locally which is reflected in a fast clearing of
these agents and this is modeled by the stimulation term bp with b a constant mnemonically
labeled for ‘birth’. Inhibitors, on the other hand,
have a more systemic action and the inhibition
term is taken in the form dp2/3 q with d labeling
a tumor stimulated ‘death’ term. The functional
relation p2/3 q reflects an interaction of the carrying capacity q with the tumor surface p2/3
through which inhibitors need to be released. The
constant denotes the natural rate of death for
cells related to the carrying capacity and generally is small, often set to zero. The term
qu
represents the loss of vasculature due to antiangiogenic treatment with u denoting the dose
rate/concentration of the agent while the terms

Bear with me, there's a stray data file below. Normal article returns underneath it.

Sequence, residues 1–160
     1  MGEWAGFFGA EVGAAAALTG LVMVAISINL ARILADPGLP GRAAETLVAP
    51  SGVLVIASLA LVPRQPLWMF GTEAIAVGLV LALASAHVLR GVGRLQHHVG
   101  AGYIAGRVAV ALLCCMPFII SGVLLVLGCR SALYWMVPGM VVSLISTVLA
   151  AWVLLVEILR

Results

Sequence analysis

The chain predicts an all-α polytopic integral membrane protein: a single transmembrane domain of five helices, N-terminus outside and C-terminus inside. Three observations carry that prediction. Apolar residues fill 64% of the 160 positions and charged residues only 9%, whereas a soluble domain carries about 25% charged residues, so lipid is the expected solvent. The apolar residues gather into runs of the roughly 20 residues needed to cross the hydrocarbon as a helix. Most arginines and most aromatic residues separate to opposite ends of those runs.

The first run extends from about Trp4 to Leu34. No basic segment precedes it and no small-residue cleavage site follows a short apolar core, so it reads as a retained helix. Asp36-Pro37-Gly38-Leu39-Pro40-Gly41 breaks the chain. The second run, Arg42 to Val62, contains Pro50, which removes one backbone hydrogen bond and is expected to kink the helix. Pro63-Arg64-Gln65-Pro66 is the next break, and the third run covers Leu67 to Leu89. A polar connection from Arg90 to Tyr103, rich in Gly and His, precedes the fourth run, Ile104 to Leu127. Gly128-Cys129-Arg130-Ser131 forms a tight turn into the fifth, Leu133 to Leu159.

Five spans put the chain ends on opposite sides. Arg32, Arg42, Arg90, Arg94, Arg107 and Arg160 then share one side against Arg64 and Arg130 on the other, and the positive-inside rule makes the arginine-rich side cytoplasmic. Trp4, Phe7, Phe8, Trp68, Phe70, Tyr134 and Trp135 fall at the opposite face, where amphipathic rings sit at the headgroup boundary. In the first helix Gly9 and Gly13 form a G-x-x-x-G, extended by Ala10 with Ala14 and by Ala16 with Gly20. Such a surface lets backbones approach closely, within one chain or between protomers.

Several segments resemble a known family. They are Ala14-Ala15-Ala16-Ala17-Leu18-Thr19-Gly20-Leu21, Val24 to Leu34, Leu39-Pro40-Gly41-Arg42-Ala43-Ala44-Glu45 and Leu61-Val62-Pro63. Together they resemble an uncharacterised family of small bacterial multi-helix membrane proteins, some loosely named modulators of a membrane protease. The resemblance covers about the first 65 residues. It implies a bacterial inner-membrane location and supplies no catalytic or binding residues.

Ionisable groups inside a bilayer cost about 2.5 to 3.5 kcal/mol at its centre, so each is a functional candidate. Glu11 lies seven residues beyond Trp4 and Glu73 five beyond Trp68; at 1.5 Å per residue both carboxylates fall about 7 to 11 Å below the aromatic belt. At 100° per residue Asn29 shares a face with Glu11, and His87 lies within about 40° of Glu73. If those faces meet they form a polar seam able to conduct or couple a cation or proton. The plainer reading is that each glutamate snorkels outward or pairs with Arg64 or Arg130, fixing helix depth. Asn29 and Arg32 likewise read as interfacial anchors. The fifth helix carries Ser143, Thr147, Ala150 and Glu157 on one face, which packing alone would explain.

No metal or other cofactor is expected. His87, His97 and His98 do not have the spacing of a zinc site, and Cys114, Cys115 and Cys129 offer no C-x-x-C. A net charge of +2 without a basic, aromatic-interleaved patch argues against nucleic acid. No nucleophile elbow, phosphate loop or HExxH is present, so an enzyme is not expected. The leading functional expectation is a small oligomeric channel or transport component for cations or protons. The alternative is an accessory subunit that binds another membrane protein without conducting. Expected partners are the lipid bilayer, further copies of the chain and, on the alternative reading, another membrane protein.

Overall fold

®1 pv and ®2 qv multiplying v model the loss
in the respective compartments under a cytotoxic
agent v.
We only remark that in this chapter we identify the dose rate of the agents with their concentrations. While there clearly is a difference,
this simplifies the mathematical aspects of our
presentation. We have analyzed the effects that
the inclusion of standard linear pharmacokinetic
models has on optimal controls in various papers
(e.g., see [24]). While there is a difference from
the theoretical mathematical perspective, as far as
the practical implications of the results are con-
11 Optimizing Chemotherapeutic Anti-cancer Treatment and the Tumor Microenvironment. . .
215
18000
16000
14000
12000
10000
p
8000
6000
4000
2000
0
0
0.5
1
1.5
2
q
2.5
3
3.5
x 10
4